Greg Cote of the Miami Herald asks the question: ‘What NFL team will be brave enough (and smart enough) to give Kaepernick a chance?’
The sports writer, therefore, implies that team owners who prefer signing players who respect the National Anthem and don’t wear socks mocking police officers as pigs are cowards and stupid.
Incredibly, Cote blames team owners for not hiring the “healthy” 29-year-old quarterback “coming into his physical prime,” who has “taken his team to a Super Bowl” because they may fear negative tweets from President Donald Trump.
“What are teams afraid of?” Cote asks. “That the Commander-in-Tweet, Donald Trump, might unleash one of his 3 a.m. storms against whatever team signed him?”
Well, if it’s not that then maybe it’s “a small, brief backlash from fans who never understood that Kaepernick kneeling was far closer to patriotism than to treason?”
What? Reminiscent of George Orwell’s 1984, for Cote, refusing to stand for the National Anthem is really closer to patriotism than to treason. Does Cote also believe that standing for the National Anthem is closer to treason than it is to patriotism?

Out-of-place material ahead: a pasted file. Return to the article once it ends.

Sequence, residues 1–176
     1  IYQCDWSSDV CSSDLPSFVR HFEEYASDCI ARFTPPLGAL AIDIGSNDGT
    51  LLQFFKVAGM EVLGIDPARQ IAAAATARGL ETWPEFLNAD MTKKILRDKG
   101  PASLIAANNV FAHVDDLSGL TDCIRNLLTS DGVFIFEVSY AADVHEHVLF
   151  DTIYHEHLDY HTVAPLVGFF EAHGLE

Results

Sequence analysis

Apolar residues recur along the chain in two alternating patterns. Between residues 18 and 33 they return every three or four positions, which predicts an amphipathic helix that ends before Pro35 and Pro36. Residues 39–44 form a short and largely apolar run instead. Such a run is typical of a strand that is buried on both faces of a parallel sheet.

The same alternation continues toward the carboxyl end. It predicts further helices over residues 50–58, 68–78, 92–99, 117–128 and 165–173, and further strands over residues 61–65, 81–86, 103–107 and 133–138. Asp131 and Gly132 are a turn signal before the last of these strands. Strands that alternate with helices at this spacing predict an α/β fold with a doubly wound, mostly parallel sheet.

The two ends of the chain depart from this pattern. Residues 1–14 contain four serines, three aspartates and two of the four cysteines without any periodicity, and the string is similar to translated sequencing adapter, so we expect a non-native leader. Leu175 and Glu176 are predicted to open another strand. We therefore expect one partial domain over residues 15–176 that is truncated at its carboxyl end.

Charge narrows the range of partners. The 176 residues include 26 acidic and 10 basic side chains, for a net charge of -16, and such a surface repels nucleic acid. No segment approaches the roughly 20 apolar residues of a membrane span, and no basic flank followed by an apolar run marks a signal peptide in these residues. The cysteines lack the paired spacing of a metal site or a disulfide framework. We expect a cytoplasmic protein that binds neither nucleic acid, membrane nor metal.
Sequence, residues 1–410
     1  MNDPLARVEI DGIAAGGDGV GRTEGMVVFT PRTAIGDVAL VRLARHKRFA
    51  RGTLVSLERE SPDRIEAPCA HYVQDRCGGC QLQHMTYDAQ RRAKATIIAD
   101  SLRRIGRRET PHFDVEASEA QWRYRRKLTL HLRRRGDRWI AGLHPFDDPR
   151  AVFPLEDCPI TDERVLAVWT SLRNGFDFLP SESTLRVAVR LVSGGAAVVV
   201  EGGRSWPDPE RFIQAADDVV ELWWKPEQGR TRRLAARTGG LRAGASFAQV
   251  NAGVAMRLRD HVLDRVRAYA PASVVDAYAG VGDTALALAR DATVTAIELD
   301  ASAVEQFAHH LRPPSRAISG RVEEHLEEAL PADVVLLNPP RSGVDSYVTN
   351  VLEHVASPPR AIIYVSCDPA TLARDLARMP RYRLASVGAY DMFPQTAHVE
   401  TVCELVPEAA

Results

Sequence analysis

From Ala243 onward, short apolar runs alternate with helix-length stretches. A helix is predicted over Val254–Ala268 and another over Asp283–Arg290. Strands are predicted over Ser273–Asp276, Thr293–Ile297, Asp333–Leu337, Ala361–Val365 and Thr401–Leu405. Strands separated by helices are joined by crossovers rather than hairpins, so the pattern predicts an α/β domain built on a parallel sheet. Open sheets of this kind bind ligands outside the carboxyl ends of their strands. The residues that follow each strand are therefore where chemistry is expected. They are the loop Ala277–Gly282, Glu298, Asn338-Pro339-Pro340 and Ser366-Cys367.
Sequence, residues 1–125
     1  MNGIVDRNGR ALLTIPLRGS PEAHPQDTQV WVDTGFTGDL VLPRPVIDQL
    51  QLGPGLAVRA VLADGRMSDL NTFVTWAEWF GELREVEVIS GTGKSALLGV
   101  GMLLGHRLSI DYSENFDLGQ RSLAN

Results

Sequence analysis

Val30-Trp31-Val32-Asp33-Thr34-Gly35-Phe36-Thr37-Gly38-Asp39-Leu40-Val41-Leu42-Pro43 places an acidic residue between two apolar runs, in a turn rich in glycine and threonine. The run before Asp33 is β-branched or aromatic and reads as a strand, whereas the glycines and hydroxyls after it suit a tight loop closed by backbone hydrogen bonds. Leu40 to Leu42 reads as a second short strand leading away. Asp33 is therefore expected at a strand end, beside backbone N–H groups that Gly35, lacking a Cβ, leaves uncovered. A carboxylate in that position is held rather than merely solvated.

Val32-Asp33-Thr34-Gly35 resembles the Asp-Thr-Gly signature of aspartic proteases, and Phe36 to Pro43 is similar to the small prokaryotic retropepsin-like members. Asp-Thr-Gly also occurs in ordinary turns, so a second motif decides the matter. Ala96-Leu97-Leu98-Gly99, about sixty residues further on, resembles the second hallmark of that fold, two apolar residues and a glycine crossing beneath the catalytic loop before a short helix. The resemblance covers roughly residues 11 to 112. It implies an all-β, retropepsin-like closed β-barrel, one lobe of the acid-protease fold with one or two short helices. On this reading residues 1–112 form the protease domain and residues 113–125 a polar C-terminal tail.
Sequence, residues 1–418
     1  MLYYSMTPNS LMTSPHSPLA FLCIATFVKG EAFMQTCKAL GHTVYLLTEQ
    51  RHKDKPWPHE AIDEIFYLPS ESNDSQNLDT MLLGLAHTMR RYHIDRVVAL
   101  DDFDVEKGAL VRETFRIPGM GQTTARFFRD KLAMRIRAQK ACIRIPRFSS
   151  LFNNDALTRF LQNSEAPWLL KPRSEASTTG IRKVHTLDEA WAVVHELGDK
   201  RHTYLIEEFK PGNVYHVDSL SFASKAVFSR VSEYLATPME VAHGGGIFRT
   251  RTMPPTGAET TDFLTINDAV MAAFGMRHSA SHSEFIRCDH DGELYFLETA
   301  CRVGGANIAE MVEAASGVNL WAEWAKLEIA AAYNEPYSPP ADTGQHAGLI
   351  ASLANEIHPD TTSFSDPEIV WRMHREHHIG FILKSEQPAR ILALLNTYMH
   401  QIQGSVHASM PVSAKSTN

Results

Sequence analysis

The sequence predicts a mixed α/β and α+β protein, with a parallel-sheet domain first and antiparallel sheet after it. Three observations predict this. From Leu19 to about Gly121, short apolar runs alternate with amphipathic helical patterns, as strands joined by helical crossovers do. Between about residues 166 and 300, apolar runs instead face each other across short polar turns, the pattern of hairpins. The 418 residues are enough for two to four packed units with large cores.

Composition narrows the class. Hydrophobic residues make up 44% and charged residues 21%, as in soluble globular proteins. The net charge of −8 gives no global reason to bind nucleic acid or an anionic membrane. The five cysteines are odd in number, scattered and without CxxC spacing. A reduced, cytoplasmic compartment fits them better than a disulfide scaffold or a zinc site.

Of course, Cote doesn’t own an NFL team and will not have to sell season tickets. Nor, will he be concerned with such trivial items as making a profit or filling stadium seats. Obviously, he pays no attention to reports such as this one from CBS in October of 2016:
A fresh poll from Seton Hall surveyed 841 adults across the U.S. Each respondent was asked to identify seven separate factors as a reason for the NFL rating drop, allowing them to answer “yes” or “no” for each of them. The leading factor, according to the poll, was the national anthem protests, which scored “yes” at a rate of 56 percent.
But, Cote says don’t worry about that, because the “closer to patriotic” Kaepernick says he’s done with kneeling during the National Anthem. Interesting how he made that decision now that he is effectively unemployed and looking for another multi-million dollar contract from a team that will give him a place on the bench for the 2017 season and beyond.
So, no more kneeling for Kaepernick now, but as a precaution to any team owner “brave enough and smart enough” to sign him, you might want to check his socks first.